Now that MERS has been confirmed in Florida, health care workers are paying close attention.
“A lot of the respiratory viruses, they all look and sound roughly the same with some little changes,” says Joanne Andrews. She is a registered nurse with Lee Memorial Health System who works in the specialty of infectious disease. “But I think what’s going to highlight this for us is that these are almost entirely health care workers that have worked in areas where the MERS been found.”
MERS stands for Middle East Respiratory Syndrome. First found in the Arabian Peninsula in 2012, it is a coronavirus, belonging to the same group of viruses as the common cold. MERS attacks the respiratory system and can lead to pneumonia or kidney failure.
“This is a serious virus. It has our attention. Approximately 25-35% of patients do not survive,” says Andrews.
While risk to the general public is very low, a quick diagnosis increases the chance of overcoming the illness. Because it has hit American soil, the CDC is briefing hospitals and health care organizations.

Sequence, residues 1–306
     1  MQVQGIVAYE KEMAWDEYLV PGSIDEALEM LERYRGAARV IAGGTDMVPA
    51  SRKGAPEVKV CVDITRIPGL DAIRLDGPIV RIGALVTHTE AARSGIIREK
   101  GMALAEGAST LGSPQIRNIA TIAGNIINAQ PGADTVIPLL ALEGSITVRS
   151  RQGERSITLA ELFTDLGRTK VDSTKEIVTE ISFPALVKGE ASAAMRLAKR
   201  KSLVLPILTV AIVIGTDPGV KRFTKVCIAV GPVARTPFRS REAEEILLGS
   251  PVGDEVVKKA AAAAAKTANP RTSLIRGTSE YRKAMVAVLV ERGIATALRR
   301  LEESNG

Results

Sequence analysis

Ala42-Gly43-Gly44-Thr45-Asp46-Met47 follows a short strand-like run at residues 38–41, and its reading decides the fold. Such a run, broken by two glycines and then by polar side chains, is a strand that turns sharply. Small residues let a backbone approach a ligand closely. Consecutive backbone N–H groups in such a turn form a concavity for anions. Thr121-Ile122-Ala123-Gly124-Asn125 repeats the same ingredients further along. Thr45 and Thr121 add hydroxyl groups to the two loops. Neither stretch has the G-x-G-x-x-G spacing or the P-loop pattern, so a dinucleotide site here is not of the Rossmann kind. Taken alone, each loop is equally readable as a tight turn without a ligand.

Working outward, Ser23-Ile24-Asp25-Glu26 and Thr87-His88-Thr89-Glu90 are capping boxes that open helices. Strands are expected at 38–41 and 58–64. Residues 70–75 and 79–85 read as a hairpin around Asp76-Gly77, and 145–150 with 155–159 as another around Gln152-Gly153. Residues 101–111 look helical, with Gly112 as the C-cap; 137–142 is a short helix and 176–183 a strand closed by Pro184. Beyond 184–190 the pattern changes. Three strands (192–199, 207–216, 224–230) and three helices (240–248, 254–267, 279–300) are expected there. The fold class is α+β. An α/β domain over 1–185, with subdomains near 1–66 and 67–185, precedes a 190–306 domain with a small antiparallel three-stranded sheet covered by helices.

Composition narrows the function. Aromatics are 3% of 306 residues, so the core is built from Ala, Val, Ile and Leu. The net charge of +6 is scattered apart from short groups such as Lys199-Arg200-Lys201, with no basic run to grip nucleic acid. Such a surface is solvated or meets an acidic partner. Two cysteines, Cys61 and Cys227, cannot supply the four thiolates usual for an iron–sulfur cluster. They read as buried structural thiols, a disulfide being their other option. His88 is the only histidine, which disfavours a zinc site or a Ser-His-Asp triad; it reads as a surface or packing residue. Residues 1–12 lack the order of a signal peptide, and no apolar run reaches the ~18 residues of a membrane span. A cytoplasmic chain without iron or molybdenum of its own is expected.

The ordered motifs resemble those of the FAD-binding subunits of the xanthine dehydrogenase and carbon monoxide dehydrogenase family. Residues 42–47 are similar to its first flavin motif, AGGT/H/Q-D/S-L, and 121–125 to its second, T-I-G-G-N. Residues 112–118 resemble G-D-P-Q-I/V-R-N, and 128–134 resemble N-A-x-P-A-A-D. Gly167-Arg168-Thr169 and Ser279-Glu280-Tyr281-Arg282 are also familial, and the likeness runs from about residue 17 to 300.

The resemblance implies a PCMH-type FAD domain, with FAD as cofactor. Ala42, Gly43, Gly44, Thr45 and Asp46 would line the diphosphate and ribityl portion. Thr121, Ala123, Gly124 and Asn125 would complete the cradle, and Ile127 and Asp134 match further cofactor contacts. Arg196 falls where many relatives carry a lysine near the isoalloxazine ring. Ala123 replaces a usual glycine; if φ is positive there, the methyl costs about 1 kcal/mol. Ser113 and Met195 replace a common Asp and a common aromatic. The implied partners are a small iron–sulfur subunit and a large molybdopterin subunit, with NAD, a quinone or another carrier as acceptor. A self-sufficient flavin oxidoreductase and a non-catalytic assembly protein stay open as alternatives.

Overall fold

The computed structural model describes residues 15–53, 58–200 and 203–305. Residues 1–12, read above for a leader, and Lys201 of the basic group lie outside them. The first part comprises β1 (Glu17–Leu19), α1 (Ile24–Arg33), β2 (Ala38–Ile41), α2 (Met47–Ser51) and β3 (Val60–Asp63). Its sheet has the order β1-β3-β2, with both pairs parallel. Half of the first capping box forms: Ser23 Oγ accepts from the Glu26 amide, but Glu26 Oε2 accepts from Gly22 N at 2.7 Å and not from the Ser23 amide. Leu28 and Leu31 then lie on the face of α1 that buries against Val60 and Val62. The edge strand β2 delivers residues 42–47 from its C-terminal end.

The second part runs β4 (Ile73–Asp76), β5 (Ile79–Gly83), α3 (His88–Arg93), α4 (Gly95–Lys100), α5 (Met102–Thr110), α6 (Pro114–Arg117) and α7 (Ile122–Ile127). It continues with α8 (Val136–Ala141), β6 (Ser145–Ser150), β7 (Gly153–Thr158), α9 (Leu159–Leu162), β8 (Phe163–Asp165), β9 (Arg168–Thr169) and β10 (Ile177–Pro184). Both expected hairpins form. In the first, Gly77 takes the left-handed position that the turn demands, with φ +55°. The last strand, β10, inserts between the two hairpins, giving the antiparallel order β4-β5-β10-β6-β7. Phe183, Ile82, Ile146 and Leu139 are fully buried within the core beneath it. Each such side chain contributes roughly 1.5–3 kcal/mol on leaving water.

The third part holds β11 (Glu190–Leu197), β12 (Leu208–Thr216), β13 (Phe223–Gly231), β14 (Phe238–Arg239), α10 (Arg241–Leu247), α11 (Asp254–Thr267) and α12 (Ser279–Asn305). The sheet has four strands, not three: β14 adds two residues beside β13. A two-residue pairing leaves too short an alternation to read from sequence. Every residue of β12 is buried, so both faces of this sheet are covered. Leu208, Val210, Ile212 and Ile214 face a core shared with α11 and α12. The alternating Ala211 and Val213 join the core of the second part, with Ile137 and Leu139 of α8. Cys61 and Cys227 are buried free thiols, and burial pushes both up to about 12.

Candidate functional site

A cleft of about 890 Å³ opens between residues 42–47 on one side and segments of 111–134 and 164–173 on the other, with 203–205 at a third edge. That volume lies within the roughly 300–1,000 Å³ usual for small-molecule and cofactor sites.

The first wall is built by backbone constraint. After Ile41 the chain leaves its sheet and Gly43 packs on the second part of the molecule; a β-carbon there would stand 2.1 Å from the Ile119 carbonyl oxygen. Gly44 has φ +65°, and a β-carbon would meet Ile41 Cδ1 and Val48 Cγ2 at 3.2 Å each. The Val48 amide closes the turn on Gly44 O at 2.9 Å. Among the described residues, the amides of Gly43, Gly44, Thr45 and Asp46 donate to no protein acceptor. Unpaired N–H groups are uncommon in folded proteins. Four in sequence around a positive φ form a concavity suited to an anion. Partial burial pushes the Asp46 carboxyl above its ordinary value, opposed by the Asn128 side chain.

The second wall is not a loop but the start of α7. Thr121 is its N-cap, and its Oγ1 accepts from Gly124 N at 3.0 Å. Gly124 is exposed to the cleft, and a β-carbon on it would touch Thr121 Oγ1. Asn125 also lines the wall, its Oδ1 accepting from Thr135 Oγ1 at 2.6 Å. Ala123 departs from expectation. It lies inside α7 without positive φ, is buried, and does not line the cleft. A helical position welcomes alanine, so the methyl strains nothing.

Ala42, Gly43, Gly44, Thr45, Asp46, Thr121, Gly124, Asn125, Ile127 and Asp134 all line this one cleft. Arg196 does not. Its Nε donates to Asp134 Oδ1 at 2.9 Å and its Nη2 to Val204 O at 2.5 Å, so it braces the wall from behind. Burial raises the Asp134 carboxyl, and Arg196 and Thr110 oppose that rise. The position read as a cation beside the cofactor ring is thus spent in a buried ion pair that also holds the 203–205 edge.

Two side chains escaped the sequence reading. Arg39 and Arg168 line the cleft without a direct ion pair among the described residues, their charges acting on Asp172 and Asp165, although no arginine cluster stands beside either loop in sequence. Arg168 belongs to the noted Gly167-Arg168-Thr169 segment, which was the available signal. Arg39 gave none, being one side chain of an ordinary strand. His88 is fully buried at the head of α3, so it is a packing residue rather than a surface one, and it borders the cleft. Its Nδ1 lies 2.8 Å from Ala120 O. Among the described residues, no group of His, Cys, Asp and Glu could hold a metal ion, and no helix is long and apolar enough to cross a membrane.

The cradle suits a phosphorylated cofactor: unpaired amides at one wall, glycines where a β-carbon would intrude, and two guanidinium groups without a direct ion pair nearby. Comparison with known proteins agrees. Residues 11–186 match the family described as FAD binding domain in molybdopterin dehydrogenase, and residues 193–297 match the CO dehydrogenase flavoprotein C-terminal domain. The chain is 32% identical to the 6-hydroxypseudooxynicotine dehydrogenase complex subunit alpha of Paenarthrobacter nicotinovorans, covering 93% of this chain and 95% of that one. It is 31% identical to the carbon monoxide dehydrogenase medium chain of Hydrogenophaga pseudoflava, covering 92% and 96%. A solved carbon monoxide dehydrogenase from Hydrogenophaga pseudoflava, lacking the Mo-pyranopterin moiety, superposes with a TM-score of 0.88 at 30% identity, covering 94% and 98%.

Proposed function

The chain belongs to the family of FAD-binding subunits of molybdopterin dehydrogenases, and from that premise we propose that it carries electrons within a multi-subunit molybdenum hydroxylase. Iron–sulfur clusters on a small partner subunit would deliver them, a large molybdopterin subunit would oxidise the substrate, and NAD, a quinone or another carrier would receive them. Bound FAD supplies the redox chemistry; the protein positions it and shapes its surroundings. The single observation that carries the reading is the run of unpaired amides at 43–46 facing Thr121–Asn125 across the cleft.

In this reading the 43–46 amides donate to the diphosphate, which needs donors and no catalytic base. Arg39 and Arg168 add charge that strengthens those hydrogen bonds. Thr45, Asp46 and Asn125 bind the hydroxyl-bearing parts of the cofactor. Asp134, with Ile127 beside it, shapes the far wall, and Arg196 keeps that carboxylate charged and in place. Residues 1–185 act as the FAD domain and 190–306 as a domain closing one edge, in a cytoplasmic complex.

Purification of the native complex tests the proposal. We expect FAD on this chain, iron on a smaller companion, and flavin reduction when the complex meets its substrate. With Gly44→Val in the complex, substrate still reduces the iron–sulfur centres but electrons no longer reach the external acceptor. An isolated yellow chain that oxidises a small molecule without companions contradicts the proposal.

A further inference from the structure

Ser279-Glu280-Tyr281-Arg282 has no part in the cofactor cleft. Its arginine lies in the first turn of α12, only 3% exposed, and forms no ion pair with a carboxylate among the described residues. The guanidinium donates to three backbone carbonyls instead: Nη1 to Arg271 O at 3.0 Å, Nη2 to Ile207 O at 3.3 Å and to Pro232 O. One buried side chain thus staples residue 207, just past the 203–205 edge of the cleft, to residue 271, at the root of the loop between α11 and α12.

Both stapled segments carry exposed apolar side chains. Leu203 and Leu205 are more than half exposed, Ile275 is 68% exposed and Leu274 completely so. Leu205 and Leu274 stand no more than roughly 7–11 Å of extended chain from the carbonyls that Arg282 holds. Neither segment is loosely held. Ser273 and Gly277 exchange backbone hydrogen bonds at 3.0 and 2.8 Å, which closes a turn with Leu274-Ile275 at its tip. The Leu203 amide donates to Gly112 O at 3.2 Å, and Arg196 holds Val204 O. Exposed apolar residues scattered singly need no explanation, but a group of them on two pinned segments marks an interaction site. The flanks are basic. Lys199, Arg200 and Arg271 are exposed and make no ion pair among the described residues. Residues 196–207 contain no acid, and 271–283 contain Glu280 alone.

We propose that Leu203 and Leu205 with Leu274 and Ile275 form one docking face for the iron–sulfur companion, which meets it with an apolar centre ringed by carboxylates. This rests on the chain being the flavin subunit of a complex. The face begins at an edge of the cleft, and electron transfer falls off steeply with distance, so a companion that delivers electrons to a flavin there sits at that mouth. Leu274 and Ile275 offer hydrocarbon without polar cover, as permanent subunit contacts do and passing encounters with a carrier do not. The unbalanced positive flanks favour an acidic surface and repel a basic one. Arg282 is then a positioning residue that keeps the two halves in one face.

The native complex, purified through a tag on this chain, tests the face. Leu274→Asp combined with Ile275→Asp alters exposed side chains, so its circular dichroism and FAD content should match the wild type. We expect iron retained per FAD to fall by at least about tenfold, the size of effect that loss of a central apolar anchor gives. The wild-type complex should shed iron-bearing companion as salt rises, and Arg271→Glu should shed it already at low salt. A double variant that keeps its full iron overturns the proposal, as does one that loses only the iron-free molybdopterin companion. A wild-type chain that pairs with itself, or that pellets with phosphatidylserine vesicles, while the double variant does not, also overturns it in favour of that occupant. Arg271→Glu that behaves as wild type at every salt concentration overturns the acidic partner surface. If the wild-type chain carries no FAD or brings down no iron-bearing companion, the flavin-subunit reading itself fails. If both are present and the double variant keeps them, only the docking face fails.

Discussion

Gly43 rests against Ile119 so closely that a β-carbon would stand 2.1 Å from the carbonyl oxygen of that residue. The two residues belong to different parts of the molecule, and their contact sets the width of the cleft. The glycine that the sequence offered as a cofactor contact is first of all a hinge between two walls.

“Guidance came out from the CDC - what health care facilities should take into consideration. That information was passed on to the ER directors so that they know when we have patients coming in through the doors and they have those flu-like symptoms probably the second question that you should ask is ‘have you traveled lately? And where from?’” explains Andrews.
MERS is spread through close human contact, including sneezing and coughing. So the same rules apply in preventing the passing of everyday germs.
“We always go to the CDC for guidance and they did a study long ago that said that the alcohol gels are every bit as effective as the soap and water.”
While there’s no reason to panic- it’s always reasonable to play it safe with proper hygiene.